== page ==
As far as implementation is concerned, live chat is probably one of most painless technologies there is. In most cases it can be added to a website simply by inserting one or two lines of code. It also comes at about half the cost of a call center.

Of course, companies still need to make sure everything is in order before they make live chat available to the public. Wait-times need to be estimated, agent scheduling and training may need to be changed and new company policies may even need to be created. All that aside, generally speaking, a little planning goes a long way and live chat implementations usually go very smoothly.

5. Some live chat widgets pop up right away and others wait until they are requested – which is better?

Unfortunately, there’s really no one-size-fits-all answer. It depends entirely on the context of the website and what goals the company has for it. Generally speaking, you want customers to know that live chat is available, but you do not want to annoy them with it (by having it pop up too frequently). Fortunately, there are many clever ways to offer live chat without going overboard. For example, the chat window can pop up only after a person has spent longer than average on a particular Web page, as this could indicate they have a question about it.

The key is to begin with a clear understanding of how customers currently use the website. To understand the customer and his behavior, mapping out customer journey is immensely useful. Once this is done, it should become clear how live chat should be implemented, and to whom it should be offered, to give customers the opportunity to use it when they need it, but not annoy them with excessive pop-up offers to chat.

You can read the full report of the Software Advice Survey here.

Have you been using live chat for your online shop? How has it worked for you so far and are the findings of the survey in line with your experience of it so far?

Share your experience with us and we’ll all sleep a little wiser tonight.

The post How Badly Does Your Online Shop Need Live Chat? appeared first on VWO Blog.

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How Badly Does Your Online Shop Need Live Chat?

Introduction To Designing For Windows Phone 7 And Metro

Microsoft’s new mobile operating system, Windows Phone 7 (WP7), introduces a fresh approach to content organization and a different UX, based on the Metro design language and principles that will be incorporated into Windows 8. It also targets a different market than its predecessor: instead of being designed mainly for business and technology workers, WP7 is targeted at active people with a busy life, both offline and online, and who use social networks every day, whatever their background.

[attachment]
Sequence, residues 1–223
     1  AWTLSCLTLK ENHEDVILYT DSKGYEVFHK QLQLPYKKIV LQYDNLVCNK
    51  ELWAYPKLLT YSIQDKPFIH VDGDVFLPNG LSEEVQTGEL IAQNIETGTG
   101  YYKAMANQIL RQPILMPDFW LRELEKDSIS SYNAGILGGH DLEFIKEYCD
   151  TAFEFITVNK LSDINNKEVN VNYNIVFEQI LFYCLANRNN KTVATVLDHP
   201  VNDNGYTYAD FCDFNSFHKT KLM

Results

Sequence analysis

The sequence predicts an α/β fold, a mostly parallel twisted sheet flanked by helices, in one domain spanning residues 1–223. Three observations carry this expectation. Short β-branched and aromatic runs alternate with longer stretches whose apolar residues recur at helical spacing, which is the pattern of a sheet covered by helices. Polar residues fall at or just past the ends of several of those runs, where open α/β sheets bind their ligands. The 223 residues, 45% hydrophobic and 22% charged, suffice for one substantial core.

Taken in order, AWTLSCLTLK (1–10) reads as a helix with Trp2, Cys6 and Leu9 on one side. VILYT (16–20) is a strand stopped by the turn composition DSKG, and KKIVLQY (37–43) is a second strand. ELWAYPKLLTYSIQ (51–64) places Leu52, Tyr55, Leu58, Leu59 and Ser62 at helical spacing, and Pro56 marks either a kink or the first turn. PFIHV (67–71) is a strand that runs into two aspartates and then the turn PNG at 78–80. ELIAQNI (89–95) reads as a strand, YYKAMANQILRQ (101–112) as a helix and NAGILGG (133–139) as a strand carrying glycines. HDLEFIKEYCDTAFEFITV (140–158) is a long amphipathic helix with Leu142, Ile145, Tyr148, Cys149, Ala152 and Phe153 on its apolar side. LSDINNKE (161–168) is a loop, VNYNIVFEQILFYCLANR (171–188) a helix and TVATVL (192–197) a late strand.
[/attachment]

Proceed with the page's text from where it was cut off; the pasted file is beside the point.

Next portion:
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Introduction To Designing For Windows Phone 7 And Metro

PrefixFree: Break Free From CSS Prefix Hell

This article is the first piece in our new series introducing new, useful and freely available tools and techniques presented and released by active members of the Web design community. Lea Verou is well-known for her experiments with CSS and JavaScript and in this post she presents her recent tool, prefixfree, which will hopefully help you break free from the CSS prefix hell.
So What’s the Problem With Prefixes? I’m sure we all agree that CSS3 is pretty cool and that it enables us to do things that were previously impossible.

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PrefixFree: Break Free From CSS Prefix Hell

Pushing Your Buttons With Practical CSS3

CSS3 is the partially implemented sequel to the CSS2 spec we all know and love. It’s already popping up in new browsers such as Firefox 3.5, Safari 4 and Chrome. In this article, the first of the articles that explore practical (and even far-fetched) implementation of CSS3, we start by applying CSS3 to something we all have to create: buttons.
Calls to action are critical for any website, and a compelling, attention-grabbing, clickable button goes a long way toward driving that engagement.

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Pushing Your Buttons With Practical CSS3

10 Simple and Impressive Design Techniques

Complex design techniques are often time-consuming and, well, complex. Some of these advanced effects can add plenty of depth to designs, but when used in the wrong place, they do little more than distract viewers from the project’s intended focus. These effects may be precisely what a design needs to have the impact it requires, but even in these cases, they should be complemented by simpler effects.
Simple effects and techniques are the building blocks of today’s designs.

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10 Simple and Impressive Design Techniques